LS-DYNA simulations involving explosives can be modeled on several engineering levels from simple application of equivalent pressure histories via *LOAD_BLAST_ENHANCED, explicit inclusion of explosive charges using an Equations-of-State and detonation via *INITIAL_DETONATION, and detonation of explosive due to impact using *EOS_IGNITION_AND_GROWTH_OF_REACTION_IN_HE. The analyst selects the appropriate degree of model sophistication to satisfy the intended use of the model results.
Modeling explosives is analogous to material modeling: LS-DYNA offers several models and the user needs to select an appropriate model based on both applicability and the availability of appropriate input parameter data. While the selection of an appropriate material model is often driven by the availability of the input parameter data, analysts over time develop a more in depth theoretical knowledge of some material models, a personal library of material parameters and thus a preference for certain material models. However, when it comes to explosive modeling, most engineers rely solely on literature references for equations-of-state with provided data. Typically, little effort is spent on acquiring any theoretical knowledge of the equations-of-state being used, nor how the input parameters were determined.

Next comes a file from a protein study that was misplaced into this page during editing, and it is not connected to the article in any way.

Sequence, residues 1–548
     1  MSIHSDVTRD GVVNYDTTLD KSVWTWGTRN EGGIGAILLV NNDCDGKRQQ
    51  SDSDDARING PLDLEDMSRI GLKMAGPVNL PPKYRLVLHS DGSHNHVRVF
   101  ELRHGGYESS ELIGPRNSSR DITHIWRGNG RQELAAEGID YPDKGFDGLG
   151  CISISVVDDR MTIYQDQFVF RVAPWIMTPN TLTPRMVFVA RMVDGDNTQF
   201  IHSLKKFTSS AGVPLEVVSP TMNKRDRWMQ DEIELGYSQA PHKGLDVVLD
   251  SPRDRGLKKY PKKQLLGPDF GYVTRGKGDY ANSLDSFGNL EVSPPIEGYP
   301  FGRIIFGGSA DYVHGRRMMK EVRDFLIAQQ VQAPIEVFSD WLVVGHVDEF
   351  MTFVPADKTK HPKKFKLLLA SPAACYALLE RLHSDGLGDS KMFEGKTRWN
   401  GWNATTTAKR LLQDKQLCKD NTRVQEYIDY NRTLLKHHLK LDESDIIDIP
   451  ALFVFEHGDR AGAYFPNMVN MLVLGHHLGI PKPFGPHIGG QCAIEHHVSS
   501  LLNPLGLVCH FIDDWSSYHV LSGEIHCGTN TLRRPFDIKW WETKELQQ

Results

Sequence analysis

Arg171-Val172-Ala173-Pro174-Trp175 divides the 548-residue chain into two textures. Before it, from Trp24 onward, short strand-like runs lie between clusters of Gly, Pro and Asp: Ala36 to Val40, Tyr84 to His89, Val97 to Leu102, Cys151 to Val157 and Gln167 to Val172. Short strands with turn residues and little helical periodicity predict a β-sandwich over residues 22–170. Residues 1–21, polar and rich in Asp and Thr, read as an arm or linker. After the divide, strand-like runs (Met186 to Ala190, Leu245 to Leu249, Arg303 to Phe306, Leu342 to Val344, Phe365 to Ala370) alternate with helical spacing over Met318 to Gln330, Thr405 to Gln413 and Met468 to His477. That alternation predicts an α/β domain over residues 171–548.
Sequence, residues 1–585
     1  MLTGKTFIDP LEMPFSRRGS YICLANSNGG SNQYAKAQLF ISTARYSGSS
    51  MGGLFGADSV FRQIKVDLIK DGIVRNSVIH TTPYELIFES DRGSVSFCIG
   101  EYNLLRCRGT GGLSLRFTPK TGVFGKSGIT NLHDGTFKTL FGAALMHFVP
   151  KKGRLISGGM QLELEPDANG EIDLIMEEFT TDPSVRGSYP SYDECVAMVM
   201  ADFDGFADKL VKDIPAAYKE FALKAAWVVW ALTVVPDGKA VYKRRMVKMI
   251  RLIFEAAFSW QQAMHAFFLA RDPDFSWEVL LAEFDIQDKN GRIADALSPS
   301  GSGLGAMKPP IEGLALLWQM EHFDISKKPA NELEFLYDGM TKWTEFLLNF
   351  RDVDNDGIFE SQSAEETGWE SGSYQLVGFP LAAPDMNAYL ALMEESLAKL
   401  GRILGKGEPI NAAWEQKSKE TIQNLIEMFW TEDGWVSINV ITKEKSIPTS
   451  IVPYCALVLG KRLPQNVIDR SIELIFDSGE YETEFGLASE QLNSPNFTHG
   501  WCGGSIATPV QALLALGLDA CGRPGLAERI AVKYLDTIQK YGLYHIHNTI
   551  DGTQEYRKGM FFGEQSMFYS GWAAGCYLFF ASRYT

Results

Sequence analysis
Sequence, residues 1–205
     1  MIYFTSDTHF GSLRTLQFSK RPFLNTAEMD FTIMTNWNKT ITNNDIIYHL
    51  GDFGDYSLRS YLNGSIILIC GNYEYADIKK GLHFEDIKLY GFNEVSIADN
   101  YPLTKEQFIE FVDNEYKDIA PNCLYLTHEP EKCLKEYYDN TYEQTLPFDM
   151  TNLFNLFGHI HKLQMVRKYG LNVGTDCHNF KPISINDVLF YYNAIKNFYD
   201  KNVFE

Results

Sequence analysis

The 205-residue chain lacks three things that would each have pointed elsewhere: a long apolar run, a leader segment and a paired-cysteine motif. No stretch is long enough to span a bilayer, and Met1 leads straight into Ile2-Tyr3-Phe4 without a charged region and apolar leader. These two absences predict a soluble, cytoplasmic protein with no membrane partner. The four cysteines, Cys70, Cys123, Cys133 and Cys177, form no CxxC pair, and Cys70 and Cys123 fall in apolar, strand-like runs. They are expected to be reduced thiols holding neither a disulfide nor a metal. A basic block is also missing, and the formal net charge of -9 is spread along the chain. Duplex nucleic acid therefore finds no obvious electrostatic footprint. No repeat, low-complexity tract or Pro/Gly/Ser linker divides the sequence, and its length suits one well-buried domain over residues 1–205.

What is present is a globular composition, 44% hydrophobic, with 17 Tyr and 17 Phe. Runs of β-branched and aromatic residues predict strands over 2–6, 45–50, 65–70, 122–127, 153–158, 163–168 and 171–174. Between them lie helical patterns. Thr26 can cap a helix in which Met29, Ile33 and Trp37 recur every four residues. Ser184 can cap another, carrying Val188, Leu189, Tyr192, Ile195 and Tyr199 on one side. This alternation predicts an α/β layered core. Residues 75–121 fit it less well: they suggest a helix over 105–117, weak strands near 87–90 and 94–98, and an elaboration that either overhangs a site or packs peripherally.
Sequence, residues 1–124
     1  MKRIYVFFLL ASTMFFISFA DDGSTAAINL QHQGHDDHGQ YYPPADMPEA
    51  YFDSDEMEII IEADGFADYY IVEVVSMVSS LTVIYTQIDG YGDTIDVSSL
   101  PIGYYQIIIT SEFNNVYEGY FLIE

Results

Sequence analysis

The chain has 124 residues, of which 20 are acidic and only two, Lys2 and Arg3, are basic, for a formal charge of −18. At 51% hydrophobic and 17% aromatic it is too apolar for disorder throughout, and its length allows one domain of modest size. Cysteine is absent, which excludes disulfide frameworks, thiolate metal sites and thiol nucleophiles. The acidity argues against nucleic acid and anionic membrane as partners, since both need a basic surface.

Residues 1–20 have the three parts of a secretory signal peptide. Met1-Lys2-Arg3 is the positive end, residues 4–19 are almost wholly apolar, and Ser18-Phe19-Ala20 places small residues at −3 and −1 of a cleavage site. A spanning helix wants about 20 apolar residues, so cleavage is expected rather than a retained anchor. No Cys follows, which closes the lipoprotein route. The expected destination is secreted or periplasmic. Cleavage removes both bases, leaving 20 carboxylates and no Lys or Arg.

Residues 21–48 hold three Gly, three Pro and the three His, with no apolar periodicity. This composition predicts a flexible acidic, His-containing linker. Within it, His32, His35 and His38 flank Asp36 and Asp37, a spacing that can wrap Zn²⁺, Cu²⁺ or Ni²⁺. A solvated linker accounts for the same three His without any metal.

Such cursory knowledge of explosives is often deemed acceptable, and may likely be acceptable in simulations involving fairly large standoff distances between explosive and target. However, for simulations where the explosive charge and target are not distant, or for sympathetic detonation of explosives, a more thorough knowledge of explosive modeling is required.
This class focuses on the application of LS-DYNA to modeling explosives. The modeling methods are illustrated through case studies with sufficient mathematical theory to provide the user with adequate knowledge to confidently apply the appropriate modeling method.
This training class is intended for the LS-DYNA analyst possessing a comfortable command of the LS-DYNA keywords and options associated with typical Lagrange and Multi-Material Arbitrary Lagrange Eulerian (MM-ALE) analyses. The training class will attempt to provide the analyst with the additional tools and knowledge required to model explosives for a range of applications. The typical attendee is likely to have a background in defense applications, to include protective structures and vehicle vulnerability, Homeland Defense topics, and terrorist threat mitigation techniques. The theory and illustrations portions of the class will benefit LS-DYNA users and non-LS-DYNA users alike.
Opening Remarks (Len)
Detonation Waves and Explosives (Paul)
Flyer Plate Calibration of Detasheet EOS (Len)
Impact Detonation via Ignition and Growth of Reaction in High Explosives (Len)
Driven Shocks (Paul)
TNT Equivalency (Len)
Simulation of Propellants with Application to Interior Ballistics (Paul)
Introduction to Non-Ideal and Afterburning Explosives (Len)